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What does Mental Capacity mean?

Updated: Aug 31, 2023

Mental capacity refers to an individual's ability to make specific decisions or understand and retain information relevant to a particular decision. It encompasses the ability to understand the nature and consequences of the decision, weigh the available options, and communicate one's decision effectively.


In the United Kingdom, the legal framework for assessing mental capacity is provided by the Mental Capacity Act 2005. According to Section 2 of the Act, a person lacks capacity in relation to a specific matter if they are unable to make a decision for themselves due to an impairment or disturbance of the mind or brain.


The Act also sets out the principles that should be followed when assessing mental capacity. These principles include:


1. A presumption of capacity: Every adult is presumed to have the capacity to make decisions unless it is proven otherwise.


2. Supportive decision-making: Individuals should be provided with appropriate support and accommodations to help them make decisions for themselves.


3. Maximizing decision-making capacity: Steps should be taken to maximize a person's ability to make decisions, such as providing information in accessible formats or using communication aids.


4. Best interests: If a person lacks capacity to make a decision, any decision made or action taken on their behalf should be in their best interests.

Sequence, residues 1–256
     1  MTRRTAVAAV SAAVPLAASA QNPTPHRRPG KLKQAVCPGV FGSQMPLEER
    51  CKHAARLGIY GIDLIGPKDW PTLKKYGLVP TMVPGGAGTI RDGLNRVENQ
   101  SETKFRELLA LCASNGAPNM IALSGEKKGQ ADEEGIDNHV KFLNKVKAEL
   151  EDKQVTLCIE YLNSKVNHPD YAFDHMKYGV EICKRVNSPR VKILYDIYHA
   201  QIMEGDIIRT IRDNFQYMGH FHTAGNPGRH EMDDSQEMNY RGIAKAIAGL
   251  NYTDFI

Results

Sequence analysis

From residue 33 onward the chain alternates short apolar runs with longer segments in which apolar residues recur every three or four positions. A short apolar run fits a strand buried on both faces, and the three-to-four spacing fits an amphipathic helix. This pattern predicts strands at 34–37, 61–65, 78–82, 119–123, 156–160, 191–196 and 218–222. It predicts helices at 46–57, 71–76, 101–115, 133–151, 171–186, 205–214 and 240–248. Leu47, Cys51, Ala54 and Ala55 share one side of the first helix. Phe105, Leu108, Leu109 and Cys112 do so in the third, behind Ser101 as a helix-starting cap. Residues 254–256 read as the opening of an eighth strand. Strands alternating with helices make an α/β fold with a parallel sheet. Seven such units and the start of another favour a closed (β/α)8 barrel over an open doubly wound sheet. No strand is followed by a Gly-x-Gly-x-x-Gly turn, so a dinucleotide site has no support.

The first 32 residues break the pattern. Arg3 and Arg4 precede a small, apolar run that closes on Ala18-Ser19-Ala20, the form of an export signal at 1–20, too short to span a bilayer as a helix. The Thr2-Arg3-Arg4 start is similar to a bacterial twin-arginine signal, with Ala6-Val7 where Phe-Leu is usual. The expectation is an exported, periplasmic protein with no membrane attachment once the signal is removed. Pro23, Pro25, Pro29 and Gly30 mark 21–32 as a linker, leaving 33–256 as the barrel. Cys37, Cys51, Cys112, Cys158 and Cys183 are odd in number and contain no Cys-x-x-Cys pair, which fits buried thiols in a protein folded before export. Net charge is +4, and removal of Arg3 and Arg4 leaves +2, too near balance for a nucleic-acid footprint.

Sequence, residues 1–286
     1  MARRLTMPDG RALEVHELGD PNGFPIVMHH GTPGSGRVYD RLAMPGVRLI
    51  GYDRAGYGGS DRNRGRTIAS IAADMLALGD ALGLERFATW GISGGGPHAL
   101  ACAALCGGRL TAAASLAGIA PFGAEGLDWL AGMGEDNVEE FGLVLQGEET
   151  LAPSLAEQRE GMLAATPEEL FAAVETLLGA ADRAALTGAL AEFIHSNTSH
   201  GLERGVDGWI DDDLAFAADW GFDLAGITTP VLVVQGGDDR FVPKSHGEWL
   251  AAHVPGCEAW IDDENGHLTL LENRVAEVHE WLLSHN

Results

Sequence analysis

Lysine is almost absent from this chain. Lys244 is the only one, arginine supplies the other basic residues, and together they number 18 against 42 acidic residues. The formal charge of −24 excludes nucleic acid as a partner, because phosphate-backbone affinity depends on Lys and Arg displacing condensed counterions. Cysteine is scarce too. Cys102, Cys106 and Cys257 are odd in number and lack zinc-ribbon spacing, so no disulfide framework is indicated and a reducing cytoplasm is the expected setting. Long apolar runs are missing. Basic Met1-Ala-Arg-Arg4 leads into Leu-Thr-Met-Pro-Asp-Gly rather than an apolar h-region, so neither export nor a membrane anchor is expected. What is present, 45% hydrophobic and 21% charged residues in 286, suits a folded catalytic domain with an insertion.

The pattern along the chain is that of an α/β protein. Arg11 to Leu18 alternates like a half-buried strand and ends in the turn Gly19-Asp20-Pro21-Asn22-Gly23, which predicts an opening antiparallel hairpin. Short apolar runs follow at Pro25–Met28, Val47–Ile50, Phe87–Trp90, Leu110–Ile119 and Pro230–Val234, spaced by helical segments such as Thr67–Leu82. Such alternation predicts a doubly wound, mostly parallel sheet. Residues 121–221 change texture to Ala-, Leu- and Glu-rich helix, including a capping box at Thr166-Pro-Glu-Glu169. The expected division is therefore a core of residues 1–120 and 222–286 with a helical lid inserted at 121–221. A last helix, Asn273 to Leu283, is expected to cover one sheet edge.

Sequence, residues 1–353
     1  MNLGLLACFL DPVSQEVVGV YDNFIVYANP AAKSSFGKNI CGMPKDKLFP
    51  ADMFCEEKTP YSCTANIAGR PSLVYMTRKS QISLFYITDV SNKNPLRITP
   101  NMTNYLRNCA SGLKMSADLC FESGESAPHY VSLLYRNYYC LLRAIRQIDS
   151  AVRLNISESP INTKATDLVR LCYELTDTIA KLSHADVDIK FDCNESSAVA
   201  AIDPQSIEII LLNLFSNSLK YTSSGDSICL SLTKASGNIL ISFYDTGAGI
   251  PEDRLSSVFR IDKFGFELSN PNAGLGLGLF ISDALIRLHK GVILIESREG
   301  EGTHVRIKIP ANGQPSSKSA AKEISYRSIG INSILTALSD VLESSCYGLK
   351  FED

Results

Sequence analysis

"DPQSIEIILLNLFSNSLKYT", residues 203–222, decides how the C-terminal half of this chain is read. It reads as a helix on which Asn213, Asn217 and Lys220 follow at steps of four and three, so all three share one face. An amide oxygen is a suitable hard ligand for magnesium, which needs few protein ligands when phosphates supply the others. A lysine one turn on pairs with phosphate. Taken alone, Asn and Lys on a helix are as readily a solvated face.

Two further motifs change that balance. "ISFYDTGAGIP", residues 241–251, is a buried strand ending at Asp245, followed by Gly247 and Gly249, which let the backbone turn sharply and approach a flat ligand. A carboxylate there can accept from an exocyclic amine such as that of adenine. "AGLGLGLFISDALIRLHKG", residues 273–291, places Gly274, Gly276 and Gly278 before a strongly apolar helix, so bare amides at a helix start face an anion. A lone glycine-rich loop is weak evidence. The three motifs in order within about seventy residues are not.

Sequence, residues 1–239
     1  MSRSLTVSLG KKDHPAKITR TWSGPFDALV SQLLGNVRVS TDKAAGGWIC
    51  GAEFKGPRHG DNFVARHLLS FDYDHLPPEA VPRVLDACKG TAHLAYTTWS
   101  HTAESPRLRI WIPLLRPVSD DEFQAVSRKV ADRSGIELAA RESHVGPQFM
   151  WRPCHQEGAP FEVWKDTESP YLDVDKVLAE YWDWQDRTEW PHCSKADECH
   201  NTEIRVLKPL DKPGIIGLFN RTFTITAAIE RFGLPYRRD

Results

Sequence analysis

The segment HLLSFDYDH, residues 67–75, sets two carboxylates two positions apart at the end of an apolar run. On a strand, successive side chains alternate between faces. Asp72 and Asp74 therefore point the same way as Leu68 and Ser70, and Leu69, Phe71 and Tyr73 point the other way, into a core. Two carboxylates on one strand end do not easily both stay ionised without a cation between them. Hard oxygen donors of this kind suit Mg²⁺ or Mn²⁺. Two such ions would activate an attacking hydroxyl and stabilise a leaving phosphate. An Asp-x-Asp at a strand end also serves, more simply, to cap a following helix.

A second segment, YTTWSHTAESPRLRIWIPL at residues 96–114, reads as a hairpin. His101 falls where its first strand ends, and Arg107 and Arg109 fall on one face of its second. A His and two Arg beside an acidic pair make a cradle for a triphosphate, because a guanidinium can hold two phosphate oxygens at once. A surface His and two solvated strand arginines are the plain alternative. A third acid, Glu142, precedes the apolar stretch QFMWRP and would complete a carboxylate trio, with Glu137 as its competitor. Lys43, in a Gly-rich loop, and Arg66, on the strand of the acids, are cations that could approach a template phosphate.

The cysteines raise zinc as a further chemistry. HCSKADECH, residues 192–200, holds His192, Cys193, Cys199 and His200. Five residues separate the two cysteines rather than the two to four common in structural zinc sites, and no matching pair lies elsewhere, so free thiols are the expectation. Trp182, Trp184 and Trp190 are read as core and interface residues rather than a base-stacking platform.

The Mental Capacity Act 2005 establishes a legal framework for determining mental capacity and provides guidance for healthcare professionals, lawyers, and others involved in assessing capacity. However, it is important to note that capacity assessments are made on a case-by-case basis and can involve healthcare professionals, social workers, and other relevant individuals who are familiar with the person's condition and circumstances.


It is worth consulting the Mental Capacity Act 2005 itself, as well as seeking professional legal advice, for comprehensive and up-to-date information on mental capacity and the process of determining it.


Qualia Law CIC is a non-profit social enterprise providing free legal advice in the areas of mental capacity, financial safeguarding, lasting power of attorney (LPA) and Court of Protection. In addition, Qualia Law CIC provides not-for-profit professional Deputyship or Attorneyship by expert solicitors, which may be necessary for individuals who may not have relatives willing and able to take on the role of Deputy or Attorney.


For free advice, or to make a referral, please visit www.qualia-law.org/contact





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